Last month, Lidl Switzerland and Empa announced that their edible, naturally-derived cellulose coating for fruits and vegetables has demonstrated extended shelf life for fresh produce in preliminary trials. We caught up with Corina Milz, head of CSR and sustainability at Lidl Switzerland, to learn more about the innovation and its potential.
In January, Lidl and Empa announced a protective, edible cellulose coating for fresh produce. Could you introduce this innovation to us?
Our new type of coating is made from so-called pomace (grape and stalk residue) and will be used in the future in all 160 Lidl Switzerland stores. Through this innovative project, packaging can be reduced, and food waste avoided.
I’m wondering if you can give us a look at the R&D process - how did Lidl and Empa develop the material?
We chose Empa as a partner because they had decades of research experience with cellulose products. In the Empa Cellulose & Wood Materials laboratory, the researchers spent more than a year working on our behalf to develop a special protective cellulose layer that can be used on fruit and vegetables. The result: The coated fruits and vegetables stay fresh significantly longer. In tests, the shelf life of bananas was prolonged by more than a week.
How does this announcement fit in with Lidl’s overall sustainability strategy?
The issue of plastic and packaging reduction has been a concern for Lidl Switzerland for years. We are strongly committed to reducing the use of plastics in packaging. Where possible and ecologically sensible, packaging is omitted completely. This is the case, for example, with our organic fruits, which are labeled using laser technology.
We are always looking for new ways to reduce packaging. Reducing food waste is also a central concern for Lidl Switzerland. We approached Empa to be proactive in looking for new solutions in this area. The research project was jointly initiated shortly afterwards.
Why were edible coatings identified as a potential solution to existing sustainability issues?
Plastic packaging in grocery stores protects fruit and vegetables from spoiling, but also creates considerable amounts of waste. Packaging usually accounts for less than 5% of a product’s environmental impact.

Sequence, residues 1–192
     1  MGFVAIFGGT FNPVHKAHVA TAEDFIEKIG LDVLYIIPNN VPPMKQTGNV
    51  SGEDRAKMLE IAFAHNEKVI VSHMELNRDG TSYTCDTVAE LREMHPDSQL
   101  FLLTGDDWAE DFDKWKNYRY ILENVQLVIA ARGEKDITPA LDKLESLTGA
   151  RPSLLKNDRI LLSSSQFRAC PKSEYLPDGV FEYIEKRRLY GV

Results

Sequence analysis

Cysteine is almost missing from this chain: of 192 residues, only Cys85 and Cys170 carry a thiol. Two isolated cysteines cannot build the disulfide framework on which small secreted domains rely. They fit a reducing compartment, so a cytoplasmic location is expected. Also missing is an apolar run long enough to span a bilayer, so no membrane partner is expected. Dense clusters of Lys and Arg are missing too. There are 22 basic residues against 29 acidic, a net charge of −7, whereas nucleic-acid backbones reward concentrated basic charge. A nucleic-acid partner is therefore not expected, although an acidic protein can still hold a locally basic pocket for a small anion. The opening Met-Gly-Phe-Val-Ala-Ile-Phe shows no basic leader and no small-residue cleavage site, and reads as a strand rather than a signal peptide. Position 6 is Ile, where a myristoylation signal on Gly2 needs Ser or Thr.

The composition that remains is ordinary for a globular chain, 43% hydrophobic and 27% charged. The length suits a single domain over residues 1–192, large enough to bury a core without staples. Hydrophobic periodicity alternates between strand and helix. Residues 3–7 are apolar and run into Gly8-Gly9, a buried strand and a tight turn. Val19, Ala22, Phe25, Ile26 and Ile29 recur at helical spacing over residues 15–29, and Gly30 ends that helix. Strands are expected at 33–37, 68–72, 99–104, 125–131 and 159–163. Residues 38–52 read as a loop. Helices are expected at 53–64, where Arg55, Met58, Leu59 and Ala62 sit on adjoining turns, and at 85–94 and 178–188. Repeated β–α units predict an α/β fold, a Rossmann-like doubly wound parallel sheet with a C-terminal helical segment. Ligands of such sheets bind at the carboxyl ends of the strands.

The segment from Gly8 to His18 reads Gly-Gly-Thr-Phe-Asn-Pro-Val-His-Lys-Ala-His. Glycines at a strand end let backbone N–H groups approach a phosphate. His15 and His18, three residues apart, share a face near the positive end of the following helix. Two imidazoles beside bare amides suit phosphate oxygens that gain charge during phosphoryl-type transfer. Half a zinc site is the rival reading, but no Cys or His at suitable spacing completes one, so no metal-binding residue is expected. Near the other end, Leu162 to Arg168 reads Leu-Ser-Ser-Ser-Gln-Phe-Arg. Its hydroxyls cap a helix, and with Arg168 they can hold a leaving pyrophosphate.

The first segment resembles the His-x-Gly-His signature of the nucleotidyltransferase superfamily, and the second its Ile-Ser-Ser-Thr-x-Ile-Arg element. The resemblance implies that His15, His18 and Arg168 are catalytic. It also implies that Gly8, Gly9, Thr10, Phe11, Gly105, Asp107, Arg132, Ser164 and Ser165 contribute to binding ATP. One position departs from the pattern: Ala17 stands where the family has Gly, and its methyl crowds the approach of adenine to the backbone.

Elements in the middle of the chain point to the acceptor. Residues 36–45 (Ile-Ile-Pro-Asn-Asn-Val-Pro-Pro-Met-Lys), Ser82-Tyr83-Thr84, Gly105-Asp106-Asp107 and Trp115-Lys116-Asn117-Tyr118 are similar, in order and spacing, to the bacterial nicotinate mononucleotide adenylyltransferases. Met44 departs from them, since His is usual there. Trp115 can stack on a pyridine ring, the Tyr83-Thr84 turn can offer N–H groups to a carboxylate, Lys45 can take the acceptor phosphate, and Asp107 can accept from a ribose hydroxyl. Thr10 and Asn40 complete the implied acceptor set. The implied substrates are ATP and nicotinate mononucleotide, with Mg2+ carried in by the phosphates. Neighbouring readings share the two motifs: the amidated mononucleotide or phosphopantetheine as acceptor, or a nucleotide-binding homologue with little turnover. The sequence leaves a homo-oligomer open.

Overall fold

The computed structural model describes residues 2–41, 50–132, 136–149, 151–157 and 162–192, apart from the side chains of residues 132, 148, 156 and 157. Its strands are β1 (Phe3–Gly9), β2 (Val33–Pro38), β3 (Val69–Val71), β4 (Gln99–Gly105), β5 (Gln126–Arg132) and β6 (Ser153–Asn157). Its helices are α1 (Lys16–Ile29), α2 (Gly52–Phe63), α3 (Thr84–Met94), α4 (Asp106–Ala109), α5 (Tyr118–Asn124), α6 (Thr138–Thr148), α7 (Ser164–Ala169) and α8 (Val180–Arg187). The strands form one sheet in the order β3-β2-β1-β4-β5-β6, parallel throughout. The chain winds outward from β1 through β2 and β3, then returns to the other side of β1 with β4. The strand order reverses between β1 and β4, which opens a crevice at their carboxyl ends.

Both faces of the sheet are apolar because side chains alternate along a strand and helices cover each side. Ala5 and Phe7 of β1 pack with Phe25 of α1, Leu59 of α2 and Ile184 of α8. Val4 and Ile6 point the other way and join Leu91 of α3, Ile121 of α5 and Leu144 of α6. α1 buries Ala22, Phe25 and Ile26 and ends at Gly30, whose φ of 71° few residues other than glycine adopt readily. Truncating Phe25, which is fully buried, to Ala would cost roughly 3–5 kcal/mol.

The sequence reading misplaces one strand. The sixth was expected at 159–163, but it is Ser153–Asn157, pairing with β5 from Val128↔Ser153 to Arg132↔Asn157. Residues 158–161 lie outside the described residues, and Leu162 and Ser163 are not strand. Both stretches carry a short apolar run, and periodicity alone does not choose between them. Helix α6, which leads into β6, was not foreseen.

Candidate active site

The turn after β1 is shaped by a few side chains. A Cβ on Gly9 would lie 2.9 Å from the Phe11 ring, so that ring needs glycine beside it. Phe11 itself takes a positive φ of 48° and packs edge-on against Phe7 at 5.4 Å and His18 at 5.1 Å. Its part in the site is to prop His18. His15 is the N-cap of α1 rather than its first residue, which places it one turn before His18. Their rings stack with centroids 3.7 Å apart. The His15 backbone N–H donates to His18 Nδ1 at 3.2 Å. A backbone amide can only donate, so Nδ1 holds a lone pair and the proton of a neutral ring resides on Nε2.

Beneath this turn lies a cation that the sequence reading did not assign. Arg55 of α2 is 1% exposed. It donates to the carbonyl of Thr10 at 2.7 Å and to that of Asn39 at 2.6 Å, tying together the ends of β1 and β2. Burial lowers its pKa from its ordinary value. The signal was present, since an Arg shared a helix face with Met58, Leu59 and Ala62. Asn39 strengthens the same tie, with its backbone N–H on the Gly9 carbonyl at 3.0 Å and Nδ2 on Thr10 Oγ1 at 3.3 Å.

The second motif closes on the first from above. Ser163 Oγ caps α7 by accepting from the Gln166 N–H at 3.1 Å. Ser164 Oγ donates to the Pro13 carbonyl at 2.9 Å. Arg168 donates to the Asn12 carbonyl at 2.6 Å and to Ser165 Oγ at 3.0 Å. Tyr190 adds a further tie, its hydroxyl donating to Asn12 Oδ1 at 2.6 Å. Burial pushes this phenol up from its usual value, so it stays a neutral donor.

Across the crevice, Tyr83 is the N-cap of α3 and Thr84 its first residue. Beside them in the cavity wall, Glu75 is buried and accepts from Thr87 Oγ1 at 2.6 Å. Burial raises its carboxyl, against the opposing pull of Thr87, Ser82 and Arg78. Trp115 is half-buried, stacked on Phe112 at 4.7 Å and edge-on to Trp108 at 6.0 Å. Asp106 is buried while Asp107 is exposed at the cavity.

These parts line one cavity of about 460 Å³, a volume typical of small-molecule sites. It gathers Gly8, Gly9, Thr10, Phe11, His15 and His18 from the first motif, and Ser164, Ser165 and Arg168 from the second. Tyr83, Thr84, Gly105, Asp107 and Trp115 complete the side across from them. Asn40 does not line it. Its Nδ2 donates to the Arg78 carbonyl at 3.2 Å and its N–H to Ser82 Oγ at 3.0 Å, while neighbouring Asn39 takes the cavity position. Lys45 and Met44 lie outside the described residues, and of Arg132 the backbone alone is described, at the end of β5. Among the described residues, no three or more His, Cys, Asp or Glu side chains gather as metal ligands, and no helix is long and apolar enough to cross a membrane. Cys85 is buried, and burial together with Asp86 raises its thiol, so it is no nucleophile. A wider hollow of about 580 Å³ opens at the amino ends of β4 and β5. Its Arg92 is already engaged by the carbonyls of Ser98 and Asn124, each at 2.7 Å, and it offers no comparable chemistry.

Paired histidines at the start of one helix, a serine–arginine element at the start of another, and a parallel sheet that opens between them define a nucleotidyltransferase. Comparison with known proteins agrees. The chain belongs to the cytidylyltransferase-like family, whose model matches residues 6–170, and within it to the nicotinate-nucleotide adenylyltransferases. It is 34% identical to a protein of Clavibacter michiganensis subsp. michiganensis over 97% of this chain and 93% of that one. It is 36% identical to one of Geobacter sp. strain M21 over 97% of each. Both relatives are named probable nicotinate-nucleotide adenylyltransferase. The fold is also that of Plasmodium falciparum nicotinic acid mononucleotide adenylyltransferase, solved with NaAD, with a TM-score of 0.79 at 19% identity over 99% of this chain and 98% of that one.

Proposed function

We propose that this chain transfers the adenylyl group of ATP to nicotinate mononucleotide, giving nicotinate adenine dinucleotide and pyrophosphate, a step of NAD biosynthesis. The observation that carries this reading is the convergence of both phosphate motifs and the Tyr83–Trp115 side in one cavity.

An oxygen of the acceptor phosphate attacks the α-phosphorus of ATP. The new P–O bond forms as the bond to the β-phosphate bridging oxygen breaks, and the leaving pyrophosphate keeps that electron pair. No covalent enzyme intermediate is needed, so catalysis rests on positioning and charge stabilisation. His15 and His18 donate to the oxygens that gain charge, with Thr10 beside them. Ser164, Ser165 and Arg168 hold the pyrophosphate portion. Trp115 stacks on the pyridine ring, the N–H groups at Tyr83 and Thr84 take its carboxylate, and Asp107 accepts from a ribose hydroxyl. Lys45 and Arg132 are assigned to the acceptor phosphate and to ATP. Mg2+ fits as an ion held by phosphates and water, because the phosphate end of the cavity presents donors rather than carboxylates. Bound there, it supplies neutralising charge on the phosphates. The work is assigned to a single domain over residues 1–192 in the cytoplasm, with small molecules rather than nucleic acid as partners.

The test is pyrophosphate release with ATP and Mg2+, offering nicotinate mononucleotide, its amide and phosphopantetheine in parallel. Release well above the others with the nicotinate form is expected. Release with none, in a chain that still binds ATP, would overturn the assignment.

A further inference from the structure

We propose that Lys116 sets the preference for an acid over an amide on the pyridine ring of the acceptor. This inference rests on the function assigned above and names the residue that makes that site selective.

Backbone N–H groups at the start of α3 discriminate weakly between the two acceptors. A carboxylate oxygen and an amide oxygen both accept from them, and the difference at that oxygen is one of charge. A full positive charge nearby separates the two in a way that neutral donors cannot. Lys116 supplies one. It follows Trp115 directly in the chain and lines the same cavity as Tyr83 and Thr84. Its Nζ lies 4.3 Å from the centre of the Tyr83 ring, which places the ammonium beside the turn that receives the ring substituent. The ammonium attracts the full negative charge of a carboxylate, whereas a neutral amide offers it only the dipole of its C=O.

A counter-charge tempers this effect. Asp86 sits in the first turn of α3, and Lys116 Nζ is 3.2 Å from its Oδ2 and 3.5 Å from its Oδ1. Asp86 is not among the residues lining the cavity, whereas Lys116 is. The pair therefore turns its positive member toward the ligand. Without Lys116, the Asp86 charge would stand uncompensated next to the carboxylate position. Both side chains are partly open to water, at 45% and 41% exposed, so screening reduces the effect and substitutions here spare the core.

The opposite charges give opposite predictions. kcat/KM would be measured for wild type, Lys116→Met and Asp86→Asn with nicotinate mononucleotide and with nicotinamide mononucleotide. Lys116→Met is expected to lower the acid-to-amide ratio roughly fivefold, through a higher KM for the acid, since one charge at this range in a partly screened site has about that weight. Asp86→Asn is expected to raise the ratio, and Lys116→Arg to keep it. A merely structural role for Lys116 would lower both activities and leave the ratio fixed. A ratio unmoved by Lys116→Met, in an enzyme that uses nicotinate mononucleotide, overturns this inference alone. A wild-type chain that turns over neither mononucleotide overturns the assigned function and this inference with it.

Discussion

If a product is thrown away more often because of a lack of packaging, this is much worse for the environment than packaging a product and perhaps giving it a longer shelf life.
Together with Empa, Lidl Switzerland has now developed a protective packaging for fruit and vegetables that is based on renewable raw materials.
What drew Lidl to them, and do they have any advantages over existing materials/solutions?
No fresh vegetables are to be used for the novel protective packaging, rather only organic residues. In the future, so-called pomace will be processed into fibrillated cellulose. Pomace - this is the solid residue that remains after squeezing the juice from fruit, vegetables, or plants.
In the future, the protective packaging for fresh fruit will be created from these residues, amongst other things. Depending on the results of the study, the coating is either sprayed onto the fruit or applied to the products as a dip and can be simply washed off. As it is harmless for the consumer, it can also be consumed without any problems. The potential of cellulose coating is far from exhausted: It is possible to introduce additives such as vitamins or antioxidants, etc.
On the other side of the argument, are there any drawbacks from a performance point of view, when compared with conventional alternatives?
The project is still in its infancy. Detailed analyses in terms of economic efficiency and sustainability are part of the project.
What’s next for this project? How will Lidl be scaling the use of these coatings?
This summer, the promising preliminary trial, which had been running since 2019, was successfully completed and the main trial was launched. The cellulose film developed at Empa will be tested and further improved over the next two years together with Lidl Switzerland and a fruit and vegetable supplier.
The project is financially supported by the Swiss Agency for Innovation Promotion (Innosuisse). As for our plans for the future: We have applied for a patent for the technology. But it is also in our interest that the coating is used as widely as possible for the sake of the environment and to save on plastic and food waste. We cannot provide more specific information at the moment and must first wait for the results of the upcoming main trial.
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